Vibrator Nation: How Feminist Sex-Toy Stores Changed the Business of Pleasure

Image of Vibrator Nation: How Feminist Sex-Toy Stores Changed the Business of Pleasure
Author(s): 
Release Date: 
September 7, 2017
Publisher/Imprint: 
Duke University Press Books
Pages: 
288
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Do you own a dildo—or its modern cousin, a vibrator—and, if so, when was the last time you used it? If you don’t, why not? 

Adam & Eve, an online sex-products retailer, found in its 2016 survey that an estimated four-fifth (82%) of American adults use a sex toy. In 2015, Cosmopolitan's Female Orgasm Survey found that two-third (67%) of respondents admitting to having faked an orgasm, and two-fifths (39%) of women report reaching most of their orgasms through use of a hand or sex toy.

Half a century ago, sex toys were sold mostly to men—known as the “raincoat crowd”—in sleazy shops in down-market parts of town. These were good old days when marriage was for life, sex was ostensibly for procreation not pleasure, young people did not engage in premarital sex, homosexuality was a sickness, pornographers were imprisoned, and women had vaginal orgasms, if at all. Those days are long gone.

Sex toys have been rebranded as “sexual wellness” products and are estimated to generate $15 billion in annual retail sales. Today, high-end specialty chains like Nordstrom and Brookstone, mass-market outlets like Walgreens and Target, and even crusty down-market Wal-Mart have jumped into the growing sex wellness business. However, Amazon is the largest purveyor of adult toys, offering an estimated 60,000 items. 

Lynn Comella’s Vibrator Nation is an essential read for anyone who wants to understand how American sexual culture evolved over the last half century. In effect, it reveals how the sex toy was transformed from the margins to the mainstream of sexual culture, from a perversion to a pleasure.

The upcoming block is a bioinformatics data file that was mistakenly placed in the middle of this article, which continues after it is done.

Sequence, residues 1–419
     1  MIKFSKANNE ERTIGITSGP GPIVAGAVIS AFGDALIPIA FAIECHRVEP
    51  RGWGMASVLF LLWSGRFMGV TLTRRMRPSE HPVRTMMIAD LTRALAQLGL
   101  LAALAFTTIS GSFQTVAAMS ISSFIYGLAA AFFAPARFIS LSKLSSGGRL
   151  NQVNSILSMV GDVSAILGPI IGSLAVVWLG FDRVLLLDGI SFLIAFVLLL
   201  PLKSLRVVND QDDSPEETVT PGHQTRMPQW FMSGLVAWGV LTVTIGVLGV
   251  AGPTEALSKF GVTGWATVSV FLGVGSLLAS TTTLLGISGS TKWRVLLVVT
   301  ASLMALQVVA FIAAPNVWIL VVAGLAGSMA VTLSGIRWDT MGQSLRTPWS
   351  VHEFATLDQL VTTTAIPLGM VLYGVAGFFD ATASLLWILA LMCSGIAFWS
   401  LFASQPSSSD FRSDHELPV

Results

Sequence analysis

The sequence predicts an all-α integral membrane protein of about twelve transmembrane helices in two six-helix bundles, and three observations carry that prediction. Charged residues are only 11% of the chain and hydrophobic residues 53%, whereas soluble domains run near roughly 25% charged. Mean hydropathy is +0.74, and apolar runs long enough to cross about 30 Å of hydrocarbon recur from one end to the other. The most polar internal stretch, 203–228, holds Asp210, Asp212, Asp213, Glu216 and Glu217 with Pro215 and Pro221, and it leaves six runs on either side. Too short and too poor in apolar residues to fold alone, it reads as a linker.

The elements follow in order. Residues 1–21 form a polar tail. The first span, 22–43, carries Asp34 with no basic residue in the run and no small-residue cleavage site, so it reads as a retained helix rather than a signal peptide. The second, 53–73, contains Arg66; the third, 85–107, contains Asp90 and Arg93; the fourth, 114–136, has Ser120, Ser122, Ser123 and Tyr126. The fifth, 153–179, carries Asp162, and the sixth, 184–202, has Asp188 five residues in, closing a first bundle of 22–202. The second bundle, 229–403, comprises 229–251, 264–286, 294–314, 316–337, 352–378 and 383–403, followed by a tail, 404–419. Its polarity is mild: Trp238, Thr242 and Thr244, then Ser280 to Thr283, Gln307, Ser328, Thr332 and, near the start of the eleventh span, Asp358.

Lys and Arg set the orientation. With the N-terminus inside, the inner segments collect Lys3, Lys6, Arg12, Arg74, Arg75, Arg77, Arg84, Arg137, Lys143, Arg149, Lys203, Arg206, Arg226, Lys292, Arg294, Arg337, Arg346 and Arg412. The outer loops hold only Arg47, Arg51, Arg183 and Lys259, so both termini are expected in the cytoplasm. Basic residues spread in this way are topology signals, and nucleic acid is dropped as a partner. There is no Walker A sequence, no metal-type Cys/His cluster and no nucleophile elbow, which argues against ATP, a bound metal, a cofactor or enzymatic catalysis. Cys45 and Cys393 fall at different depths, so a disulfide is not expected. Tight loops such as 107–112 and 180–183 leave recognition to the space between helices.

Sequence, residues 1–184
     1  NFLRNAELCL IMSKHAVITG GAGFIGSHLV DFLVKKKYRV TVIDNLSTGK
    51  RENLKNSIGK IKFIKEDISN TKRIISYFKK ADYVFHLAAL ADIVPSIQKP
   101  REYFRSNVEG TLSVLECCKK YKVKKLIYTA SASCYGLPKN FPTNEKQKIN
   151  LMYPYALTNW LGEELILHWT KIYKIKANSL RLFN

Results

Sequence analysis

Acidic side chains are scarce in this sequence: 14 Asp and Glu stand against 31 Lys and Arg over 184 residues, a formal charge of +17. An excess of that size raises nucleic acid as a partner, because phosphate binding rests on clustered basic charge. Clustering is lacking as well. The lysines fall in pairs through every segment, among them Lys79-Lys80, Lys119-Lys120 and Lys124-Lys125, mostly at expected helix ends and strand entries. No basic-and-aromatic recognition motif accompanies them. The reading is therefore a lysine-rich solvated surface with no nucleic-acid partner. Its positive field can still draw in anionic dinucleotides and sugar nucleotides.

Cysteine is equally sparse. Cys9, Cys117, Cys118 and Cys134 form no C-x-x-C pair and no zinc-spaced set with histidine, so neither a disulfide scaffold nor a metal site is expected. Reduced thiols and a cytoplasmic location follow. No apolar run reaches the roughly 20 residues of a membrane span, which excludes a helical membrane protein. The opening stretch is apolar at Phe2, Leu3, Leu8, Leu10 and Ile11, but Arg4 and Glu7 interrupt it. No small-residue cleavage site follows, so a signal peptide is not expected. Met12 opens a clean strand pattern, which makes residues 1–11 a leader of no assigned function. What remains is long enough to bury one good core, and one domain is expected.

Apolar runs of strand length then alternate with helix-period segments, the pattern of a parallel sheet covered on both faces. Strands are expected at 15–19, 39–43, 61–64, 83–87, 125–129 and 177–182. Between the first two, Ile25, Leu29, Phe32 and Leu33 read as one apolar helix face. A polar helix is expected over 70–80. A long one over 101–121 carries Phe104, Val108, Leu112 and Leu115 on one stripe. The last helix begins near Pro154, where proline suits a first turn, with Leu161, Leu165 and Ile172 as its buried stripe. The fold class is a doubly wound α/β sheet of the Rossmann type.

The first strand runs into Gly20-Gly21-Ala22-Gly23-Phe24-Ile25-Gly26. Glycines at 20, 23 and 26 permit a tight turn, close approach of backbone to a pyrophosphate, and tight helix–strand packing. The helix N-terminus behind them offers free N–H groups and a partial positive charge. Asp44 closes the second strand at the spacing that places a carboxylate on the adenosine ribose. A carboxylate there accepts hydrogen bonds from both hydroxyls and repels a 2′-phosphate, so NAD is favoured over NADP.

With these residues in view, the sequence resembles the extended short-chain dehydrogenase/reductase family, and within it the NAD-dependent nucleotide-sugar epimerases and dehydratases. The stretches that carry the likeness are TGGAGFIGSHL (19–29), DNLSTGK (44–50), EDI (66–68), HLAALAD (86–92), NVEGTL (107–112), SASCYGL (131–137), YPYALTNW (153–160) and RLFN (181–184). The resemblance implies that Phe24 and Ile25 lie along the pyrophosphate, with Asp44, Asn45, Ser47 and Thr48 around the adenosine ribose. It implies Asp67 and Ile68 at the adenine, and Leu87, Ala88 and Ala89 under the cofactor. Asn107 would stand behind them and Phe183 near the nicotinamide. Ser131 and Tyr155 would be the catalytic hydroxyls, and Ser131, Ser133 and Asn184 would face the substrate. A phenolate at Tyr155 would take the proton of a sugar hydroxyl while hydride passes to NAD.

Vibrator Nation is an unorthodox business book, a “case study” of a little understood—and far less appreciated—aspect of America’s sex marketplace. Sexual commerce is estimated to be a $50 billion industry, including—in addition to sex toys—porn, strip clubs, private sex gatherings and (consensual, adult) commercial sex.

Pres. Donald Trump’s renewed culture wars may challenge the further mainstreaming, commercialization, of sex. Nevertheless, the expanded sexual marketplace has fostered an era defined by far less shame about one’s sexual proclivities—if they are age-appropriate and consensual, legal—than anytime in American history.

Comella focuses her revealing story on key two pioneers of sex-positive feminism and two leading feminist retailers. She profiles the movement’s “grandmothers,” Betty Dodson and Dell Williams. Dobson is a feminist activist with a Ph.D. in sexology who freaked out puritan feminists at a 1973 NOW conference by championing clitoral masturbation; Williams launched Eve’s Garden, New York’s first sex shop for women in 1974.

She follows the experiences of two leading sex-positive feminist retailers, Good Vibrations and Babeland. In 1977 San Francisco, Joani Blank, a sex educator/ therapist, founded Good Vibrations because there was nowhere for women to get erotic products. Black fashioned a sex-positive commercial space, one that was "clean and well-lighted" and "friendly, feminist and fun." After nearly three decades, it stumbled and was acquired by GVA-TWN; it currently has nine outlets.